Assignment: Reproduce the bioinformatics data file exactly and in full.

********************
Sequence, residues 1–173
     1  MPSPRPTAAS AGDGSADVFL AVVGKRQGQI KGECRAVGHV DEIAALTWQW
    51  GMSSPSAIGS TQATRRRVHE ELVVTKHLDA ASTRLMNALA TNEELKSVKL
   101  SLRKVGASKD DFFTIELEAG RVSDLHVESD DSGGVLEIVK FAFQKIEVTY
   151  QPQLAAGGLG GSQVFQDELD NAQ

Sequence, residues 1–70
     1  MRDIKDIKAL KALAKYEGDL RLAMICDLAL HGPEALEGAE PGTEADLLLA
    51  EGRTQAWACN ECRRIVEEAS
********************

Sequence, residues 1–173
     1  MPSPRPTAAS AGDGSADVFL AVVGKRQGQI KGECRAVGHV DEIAALTWQW
    51  GMSSPSAIGS TQATRRRVHE ELVVTKHLDA ASTRLMNALA TNEELKSVKL
   101  SLRKVGASKD DFFTIELEAG RVSDLHVESD DSGGVLEIVK FAFQKIEVTY
   151  QPQLAAGGLG GSQVFQDELD NAQ

Sequence, residues 1–70
     1  MRDIKDIKAL KALAKYEGDL RLAMICDLAL HGPEALEGAE PGTEADLLLA
    51  EGRTQAWACN ECRRIVEEAS